A few good men can transform society
This article is about modelling human societies through simple cellular automata. It shows many interesting emergent behaviours, and how you can resolve the iterated prisoners dilemma with a few good men and true. But can too much information be a bad thing?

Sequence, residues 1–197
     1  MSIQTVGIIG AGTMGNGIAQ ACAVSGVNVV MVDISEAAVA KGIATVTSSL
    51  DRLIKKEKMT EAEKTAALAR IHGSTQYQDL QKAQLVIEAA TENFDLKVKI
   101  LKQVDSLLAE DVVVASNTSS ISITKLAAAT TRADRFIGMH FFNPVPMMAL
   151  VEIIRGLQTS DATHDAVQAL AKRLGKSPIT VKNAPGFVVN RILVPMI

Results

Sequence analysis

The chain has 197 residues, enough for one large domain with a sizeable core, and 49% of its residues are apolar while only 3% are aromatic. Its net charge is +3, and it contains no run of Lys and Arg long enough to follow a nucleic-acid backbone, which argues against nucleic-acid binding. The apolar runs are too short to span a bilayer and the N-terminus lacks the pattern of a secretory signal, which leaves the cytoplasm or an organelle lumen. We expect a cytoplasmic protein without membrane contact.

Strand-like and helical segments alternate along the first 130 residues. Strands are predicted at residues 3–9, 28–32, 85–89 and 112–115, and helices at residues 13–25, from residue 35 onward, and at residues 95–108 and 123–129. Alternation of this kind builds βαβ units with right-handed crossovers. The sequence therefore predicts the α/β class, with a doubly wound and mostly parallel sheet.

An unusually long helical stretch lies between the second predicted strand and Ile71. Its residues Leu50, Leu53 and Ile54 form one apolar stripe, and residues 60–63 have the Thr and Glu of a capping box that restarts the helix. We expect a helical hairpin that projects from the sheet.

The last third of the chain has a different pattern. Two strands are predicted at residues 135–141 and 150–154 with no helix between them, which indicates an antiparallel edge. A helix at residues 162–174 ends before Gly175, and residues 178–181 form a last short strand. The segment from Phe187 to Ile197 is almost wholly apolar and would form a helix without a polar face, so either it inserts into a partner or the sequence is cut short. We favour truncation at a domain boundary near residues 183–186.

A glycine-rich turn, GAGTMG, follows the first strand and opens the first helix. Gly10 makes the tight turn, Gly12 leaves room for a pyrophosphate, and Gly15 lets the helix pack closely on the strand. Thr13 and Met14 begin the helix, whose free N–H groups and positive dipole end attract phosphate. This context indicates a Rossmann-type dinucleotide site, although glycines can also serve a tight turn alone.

"There are plenty of different cities and countries that have gone from a high degree of corruption to a low degree of corruption," Hammond says. His A-society suggests that in such a transition, the fear of being caught may be at least as important as the odds of actually being caught. To test that possibility, Hammond re-ran his simulation, but this time he allowed all the agents to know not just how many of their friends were in jail but how many people were jailed throughout the whole society: in other words, the agents knew the odds of arrest as well as the police did. Sure enough, fully informed agents never got scared enough to reform. Hammond's A-society seemed to have "grown" a piece of knowledge that many law-enforcement agencies (think of the Internal Revenue Service, with its targeted, high-profile audits) have long intuited - namely, that limited resources are often more effectively spent on fearsome, and fearsomely unpredictable, high-profile sweeps than on uniform and thus easily second-guessed patterns of enforcement.